More information on Brood XII (and local cicada events) can be found on the following sites:

Great presentation from Indiana University

The Lake County Forest Preserve
The University of Illinois Cicada Page
ABC News (with video)
Cicada Mania

And, it's not very nice, but you can play Swat the Cicada on your computer.

The University of Maryland even provides cicada recipes for your dining pleasure. It is said they taste like asparagus or clam-flavoured potato.NPR posts just one of their many recipes: (whoa - read the "before you begin")

Disclaimer: the University of Maryland does not advocate eating cicadas without first consulting with your doctor. While many people do eat cicadas, there is no guarantee that they are safe for every person to eat. As with all foods, it is possible that certain individuals will have allergic reactions to substances within the cicada.

Soft-Shelled Cicadas


1 cup Worcestershire sauce

60 freshly emerged 17-year cicadas

4 eggs, beaten

3 cups flour

Salt and pepper to season the flour

1 cup corn oil or slightly salted butter


Marinate cicadas alive in a sealed container in Worcestershire sauce for several hours. (Note: You can skip this step and go directly to the egg step instead.)

Dip them in the beaten egg, roll them in the seasoned flour and then gently sauté until they are golden brown.

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Thursday, April 5, 2007

$25 million global warming prize

A British billionaire Richard Branson teamed up with Al Gore to offer a $25 million prize to anyone who can develop a way to remove carbon dioxide gas from our atmosphere.

Gore and Branson said that although scientists are working on technologies to capture carbon dioxide and other greenhouse gases at power plants and other industrial sources, no one has developed a strategy to remove gases already released into the atmosphere.

The winner of the contest must devise a plan to remove greenhouse gases from the atmosphere without creating adverse effects. The first $5 million would be paid upfront, and the remainder of the money would be paid only after the program had worked successfully for 10 years.

Another article tells that "Scientists have been looking into removing the greenhouse gas from the atmosphere and storing it in oil and gas fields, injecting it deep into the ocean, or chemically transforming it into solids or liquids that are thermodynamically stable."

So what exactly is up with all this talk about "greenhouse gases" like carbon dioxide?

The greenhouse effect is responsible for the Earth being warm and for us being able to live there. Gases in the atmosphere surround the earth and trap heat, just like the glass in a greenhouse traps heat for plants and flowers. The Earth is about 60° F warmer than it would be without these protective gases.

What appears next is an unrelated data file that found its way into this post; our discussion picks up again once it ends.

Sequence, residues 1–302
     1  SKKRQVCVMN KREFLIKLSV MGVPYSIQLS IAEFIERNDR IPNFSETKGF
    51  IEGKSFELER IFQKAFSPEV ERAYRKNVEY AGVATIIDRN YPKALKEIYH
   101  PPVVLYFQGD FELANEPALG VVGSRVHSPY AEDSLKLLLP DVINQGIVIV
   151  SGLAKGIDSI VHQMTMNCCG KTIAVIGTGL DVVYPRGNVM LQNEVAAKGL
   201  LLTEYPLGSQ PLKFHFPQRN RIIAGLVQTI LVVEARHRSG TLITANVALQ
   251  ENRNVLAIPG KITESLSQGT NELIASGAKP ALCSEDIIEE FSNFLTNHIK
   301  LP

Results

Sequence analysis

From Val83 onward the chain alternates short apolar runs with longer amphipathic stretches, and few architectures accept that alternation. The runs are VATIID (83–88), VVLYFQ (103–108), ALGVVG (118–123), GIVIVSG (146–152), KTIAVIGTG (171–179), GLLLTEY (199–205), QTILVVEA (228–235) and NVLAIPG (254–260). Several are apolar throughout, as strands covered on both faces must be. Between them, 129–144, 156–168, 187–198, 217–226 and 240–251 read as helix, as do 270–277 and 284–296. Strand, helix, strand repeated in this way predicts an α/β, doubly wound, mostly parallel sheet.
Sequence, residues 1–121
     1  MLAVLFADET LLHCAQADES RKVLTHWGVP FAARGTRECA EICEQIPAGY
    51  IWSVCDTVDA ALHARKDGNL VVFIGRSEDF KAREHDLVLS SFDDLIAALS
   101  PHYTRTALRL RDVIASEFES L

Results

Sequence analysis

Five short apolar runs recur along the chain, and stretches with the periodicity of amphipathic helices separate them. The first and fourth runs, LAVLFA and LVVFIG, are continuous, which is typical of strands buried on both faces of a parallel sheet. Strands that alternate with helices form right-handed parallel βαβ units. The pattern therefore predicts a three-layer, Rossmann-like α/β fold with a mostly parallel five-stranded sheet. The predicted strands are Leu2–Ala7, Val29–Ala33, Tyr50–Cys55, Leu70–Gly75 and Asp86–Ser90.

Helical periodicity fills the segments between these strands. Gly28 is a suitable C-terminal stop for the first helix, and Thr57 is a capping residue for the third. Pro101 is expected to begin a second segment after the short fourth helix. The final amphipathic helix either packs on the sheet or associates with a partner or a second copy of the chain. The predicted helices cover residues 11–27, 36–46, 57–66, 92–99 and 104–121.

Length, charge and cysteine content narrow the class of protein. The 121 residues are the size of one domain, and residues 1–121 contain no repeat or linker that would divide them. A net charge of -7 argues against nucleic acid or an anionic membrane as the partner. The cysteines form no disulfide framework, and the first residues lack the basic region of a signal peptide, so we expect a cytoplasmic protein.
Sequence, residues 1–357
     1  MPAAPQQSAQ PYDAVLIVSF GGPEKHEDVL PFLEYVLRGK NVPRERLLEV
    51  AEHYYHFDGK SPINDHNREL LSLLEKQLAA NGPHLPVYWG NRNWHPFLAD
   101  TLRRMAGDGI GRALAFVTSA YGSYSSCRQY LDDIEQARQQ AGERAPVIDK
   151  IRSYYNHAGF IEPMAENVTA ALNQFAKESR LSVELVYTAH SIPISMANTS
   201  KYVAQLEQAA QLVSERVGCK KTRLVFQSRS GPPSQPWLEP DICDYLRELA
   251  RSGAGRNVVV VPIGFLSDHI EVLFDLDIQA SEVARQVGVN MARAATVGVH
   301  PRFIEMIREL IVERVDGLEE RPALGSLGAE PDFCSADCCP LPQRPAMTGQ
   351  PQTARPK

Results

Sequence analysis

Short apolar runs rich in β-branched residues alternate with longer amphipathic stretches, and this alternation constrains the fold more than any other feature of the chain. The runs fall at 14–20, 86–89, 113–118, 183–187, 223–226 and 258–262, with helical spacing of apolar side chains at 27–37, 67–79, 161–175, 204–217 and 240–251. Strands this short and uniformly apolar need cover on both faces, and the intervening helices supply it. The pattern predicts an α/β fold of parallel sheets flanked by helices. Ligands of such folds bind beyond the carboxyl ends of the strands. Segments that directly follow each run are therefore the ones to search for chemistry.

The sun sends light and radiation toward Earth. When the sun's rays reach the atmosphere, some of the radiation bounces off the layer of gases and back into space. Some of the sun’s rays pass through the atmosphere and are absorbed by the land and water. The Earth changes this radiation to heat.

“Greenhouse gases” take in any extra radiation and release more heat, which also raises the temperature of the Earth's surface. This is how greenhouse gases “trap” heat to warm our planet.

Or, if you prefer, watch this animated guide to the greenhouse effect.

Greenhouse gases include carbon dioxide, water vapor and ozone. Carbon dioxide makes up almost 84% of all the greenhouse gases we produce. And guess how we produce it?

➢ burning gasoline to drive cars and trucks
➢ burning oil, coal or wood to produce electricity for heating, cooling, and other purposes
➢ burning forests to clear land

Since I do not foresee us not driving cars, building buildings or heating and cooling our homes, maybe Branson has a good idea. If getting people to stop producing carbon dioxide is a daunting task, why not develop ways to get rid of it once we produce it? NASA/World Book has great information about alternative energy sources (not creating so much carbon dioxide) and carbon sequestration (getting rid of it once we produce it).

Anyone looking for $25 million can get more information here.

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Friday, March 9, 2007

the five-second rule

In the Ohio State - Wisconsin game on February 25, the most memorable moment of the game wasn't a three-pointer or the final score. Coach Tad Matta's actions were the big news when he picked up his recently-ejected gum from the floor and popped it back into his mouth.

According to a Chicago Tribune article, Matta said,
I have two daughters and they taught me a three-second rule. I have three seconds to pick it up off the floor and it’s still OK. I picked it up quick...

Not surprisingly, the incident found its way to YouTube.

With all this media attention, you might want to consider just how scientifically accurate is five- (or three-) second rule really is.